Adelaide rifled through the drawers in the spare bedroom with increasing frustration. Nothing but t-shirts, jeans and underwear. No guns, no knives, nothing. Even a sword would have been nice, if a little weird. She kicked the side of the drawer in frustration.
She’d refused Lee, obviously. The idea of Julian prying around her brain… it creeped her out. She didn’t want him in there at all, creeping around her brain. Lee had pleaded, he’d protested. Julian was being let out by the police, apparently. Not enough evidence. Like that made it any better…
It wasn’t that Adelaide didn’t like Julian. He’d seemed weird, sure, but she was pretty sure that Lee was right about him and that he would do no harm. Still, it was bad enough to know Lee was reading your thoughts. The idea of a more powerful psychic, who could truly burrow into the depths of her subconscious, getting fully into her mind worried her. She didn’t like the idea of what he’d find, her darkest secrets all wrapped up in one place.
So, she’d resigned herself to remembering, straining her brain as hard as she could to regain that forgotten fragment. She was close, so close. It wasn’t something she’d seen, she was sure of that much now. It was something someone had said to her, long ago. Why couldn’t she remember?
It was no use searching if she didn’t know where she should be looking, so she’d decided to go on a different mission instead. So now here she was, hunting through the Knight’s things, or Sarah’s things, whatever. Her next best bet at success was taking out the competition, so if she could find some evidence that the Knight was committing the murders she’d be able to take out her opponent before the competition had even begun.
“What are you looking for?” A bored voice asked from behind her. She looked up, terrified, to see the Knight leaning in the doorway, arms crossed. A smile played across her face.
“Nothing,” Adelaide stood up and tried her most convincing grin.
“Oh at least try to make a convincing excuse,” the Knight stepped into the room and wrapped her arm around Adelaide’s shoulder, ignoring her flinch, “sister, you know you’re welcome in my new room whenever you like, you won’t find anything… unusual in here. Heaven forbid!”
“I know you have a gun,” Adelaide said quietly, “you can’t hide it forever. Anyway I’m not your sister.”
“Oh but that’s the thing,” the Knight appeared unfazed by Adelaide’s accusation, “you are. The Director really is a genius isn’t she? So many threads, and they all join together with us trapped at the centre. I’m sure she’s got backup plans to her backup plans, you know.”
Adelaide looked up at her. There was no hostility in the Knight’s eyes as she looked back.
“Why did you kill those super-humans?” She asked, her voice unusually high-pitched.
The Knight laughed. She had a strange laugh, as though she saw the joke, but didn’t want to overcommit.
“I don’t know why everyone calls them that,” she said after a while. She’d lowered her voice, and held Adelaide closer, almost whispering into her ear, “there’s nothing super about them. They’ve been the scourge of this world for as long as they’ve existed.”
“How can you say that?” Adelaide raised her voice, “How can you call them that? I have friends who are super-humans!”
The look in the Knight’s eyes when the words left her mouth made Adelaide break off. An inky dread settled in her stomach. She shouldn’t have said that. The look in the Knight’s eyes had been one of hunger.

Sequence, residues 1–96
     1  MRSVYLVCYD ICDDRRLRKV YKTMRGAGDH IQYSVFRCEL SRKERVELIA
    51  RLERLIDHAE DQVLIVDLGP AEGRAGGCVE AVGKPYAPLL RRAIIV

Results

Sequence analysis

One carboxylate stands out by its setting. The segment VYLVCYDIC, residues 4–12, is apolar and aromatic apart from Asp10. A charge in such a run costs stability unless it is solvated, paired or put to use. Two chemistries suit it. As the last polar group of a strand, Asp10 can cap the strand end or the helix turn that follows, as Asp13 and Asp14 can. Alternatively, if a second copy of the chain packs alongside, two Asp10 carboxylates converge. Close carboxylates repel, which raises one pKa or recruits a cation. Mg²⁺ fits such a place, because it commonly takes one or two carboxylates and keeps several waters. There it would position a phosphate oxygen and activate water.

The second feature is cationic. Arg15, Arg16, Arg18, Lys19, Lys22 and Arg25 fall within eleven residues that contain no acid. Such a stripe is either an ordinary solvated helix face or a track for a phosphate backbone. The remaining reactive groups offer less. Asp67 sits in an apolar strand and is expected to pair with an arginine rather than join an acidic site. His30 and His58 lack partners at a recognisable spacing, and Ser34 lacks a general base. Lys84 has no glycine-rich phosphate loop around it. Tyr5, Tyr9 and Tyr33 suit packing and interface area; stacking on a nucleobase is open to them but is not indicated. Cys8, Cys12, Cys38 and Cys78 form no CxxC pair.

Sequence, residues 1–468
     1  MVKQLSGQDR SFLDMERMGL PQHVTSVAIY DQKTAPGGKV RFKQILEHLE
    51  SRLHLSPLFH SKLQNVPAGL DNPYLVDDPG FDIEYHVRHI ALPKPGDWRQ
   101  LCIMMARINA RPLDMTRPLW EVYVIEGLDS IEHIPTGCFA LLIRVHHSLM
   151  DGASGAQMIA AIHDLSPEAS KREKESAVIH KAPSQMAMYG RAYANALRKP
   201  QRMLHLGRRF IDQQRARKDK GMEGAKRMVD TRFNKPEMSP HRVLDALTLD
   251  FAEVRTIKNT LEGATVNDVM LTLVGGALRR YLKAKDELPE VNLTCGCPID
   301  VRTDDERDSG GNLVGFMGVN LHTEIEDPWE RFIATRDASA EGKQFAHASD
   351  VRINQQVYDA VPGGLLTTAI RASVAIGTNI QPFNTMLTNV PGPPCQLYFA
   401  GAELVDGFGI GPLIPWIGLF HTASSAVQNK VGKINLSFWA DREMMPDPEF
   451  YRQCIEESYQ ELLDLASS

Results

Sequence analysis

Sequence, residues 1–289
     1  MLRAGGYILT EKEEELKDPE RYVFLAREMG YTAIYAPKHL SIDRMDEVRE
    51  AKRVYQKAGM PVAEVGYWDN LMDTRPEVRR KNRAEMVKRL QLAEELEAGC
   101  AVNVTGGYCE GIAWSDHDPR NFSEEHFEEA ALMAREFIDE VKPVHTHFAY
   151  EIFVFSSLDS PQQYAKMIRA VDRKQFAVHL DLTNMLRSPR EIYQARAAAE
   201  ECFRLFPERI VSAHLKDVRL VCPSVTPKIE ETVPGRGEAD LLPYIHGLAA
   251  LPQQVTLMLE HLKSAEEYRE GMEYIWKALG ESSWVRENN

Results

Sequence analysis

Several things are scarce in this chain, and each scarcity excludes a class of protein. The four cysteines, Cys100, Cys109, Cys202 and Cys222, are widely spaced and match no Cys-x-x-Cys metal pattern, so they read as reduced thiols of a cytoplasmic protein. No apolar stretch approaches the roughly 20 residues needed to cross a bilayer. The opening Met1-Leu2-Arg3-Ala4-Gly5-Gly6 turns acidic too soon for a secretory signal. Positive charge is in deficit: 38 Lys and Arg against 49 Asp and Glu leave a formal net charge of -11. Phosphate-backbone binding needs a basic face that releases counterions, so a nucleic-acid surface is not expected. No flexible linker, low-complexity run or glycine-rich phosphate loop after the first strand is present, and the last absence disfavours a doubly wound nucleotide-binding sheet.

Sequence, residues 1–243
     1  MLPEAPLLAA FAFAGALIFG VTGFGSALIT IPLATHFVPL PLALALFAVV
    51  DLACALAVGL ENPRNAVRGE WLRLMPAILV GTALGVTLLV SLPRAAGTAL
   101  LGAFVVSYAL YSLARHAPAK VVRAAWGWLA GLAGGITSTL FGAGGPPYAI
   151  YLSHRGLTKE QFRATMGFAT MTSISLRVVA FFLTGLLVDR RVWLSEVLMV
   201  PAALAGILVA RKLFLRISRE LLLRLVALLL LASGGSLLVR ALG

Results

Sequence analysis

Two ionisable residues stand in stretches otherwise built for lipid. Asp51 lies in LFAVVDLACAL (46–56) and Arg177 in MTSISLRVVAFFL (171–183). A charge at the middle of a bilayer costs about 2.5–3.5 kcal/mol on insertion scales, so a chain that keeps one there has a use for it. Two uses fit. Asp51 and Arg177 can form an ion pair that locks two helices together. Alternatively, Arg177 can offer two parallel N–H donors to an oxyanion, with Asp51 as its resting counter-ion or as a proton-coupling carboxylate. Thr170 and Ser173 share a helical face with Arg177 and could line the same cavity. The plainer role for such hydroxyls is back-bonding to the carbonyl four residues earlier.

“Oh think about it,” she hissed, “sure, some of them like us to think they’re ‘respectable’ but they’re ticking time bombs, waiting to go off. Power corrupts, that’s its nature. Look at the world, look at society. We’re riven by crime, and you know the reason? It’s them, and it’s always been them. They’re humans like the rest of us, but they have power, power we’ll never know. It’s in their nature to misuse it, to abuse it. It’s in my nature to stop them. Don’t you see? I’m cleaning up this world.”
There was a pause. Adelaide looked at the Knight, trying to find some shred of reason in her eyes. She turned away in disgust, pulling her arm away from the Knight’s grip. She heard her barking laugh.
“The only thing you need to clean up is this room,” she said after a while.
“Well then if you’ll excuse me I’d better set to,” the Knight said. Adelaide nodded, turned and walked to the door as quickly as she could. She was about to shut it when the Knight’s voice stopped her. She looked over.
“Oh sister,” the Knight said, “I almost forgot. Good luck finding those notes. May the best hunter win.”
Adelaide said nothing, shutting the door with a sharp crack. Her walk became a run as she headed away from the Knight’s room and went downstairs and outside as fast as she could. Her hand searched desperately in her pocket for her phone. When she pulled it out she fumbled it and nearly dropped it, and her heart skipped a beat as she just managed to keep her hold. Opening it she went to her contacts and made the call, waiting with blood pounding in her head for Lee to hurry up and pick up the flipping phone.
There was a click and his voice burst from the phone, unusually worried and on edge.
“Adelaide,” he said, “is this about Francis? Have you found him?”
“What?” Adelaide frowned, “No. Is he missing?”
“I haven’t seen him since yesterday evening,” Lee said, “his parents are freaking out. At first I wasn’t so worried, but then… I don’t know.”
“Well no,” Adelaide replied, “I’m sorry. But forget that for a moment, I need your help.”
“Really?” Lee sounded sceptical, “Because I need to find Francis.”
“You can hunt for Francis later and I’ll help,” Adelaide said, “I was wrong, I do want to see Julian.”
“Now that’s what I’m talking about,” said Lee.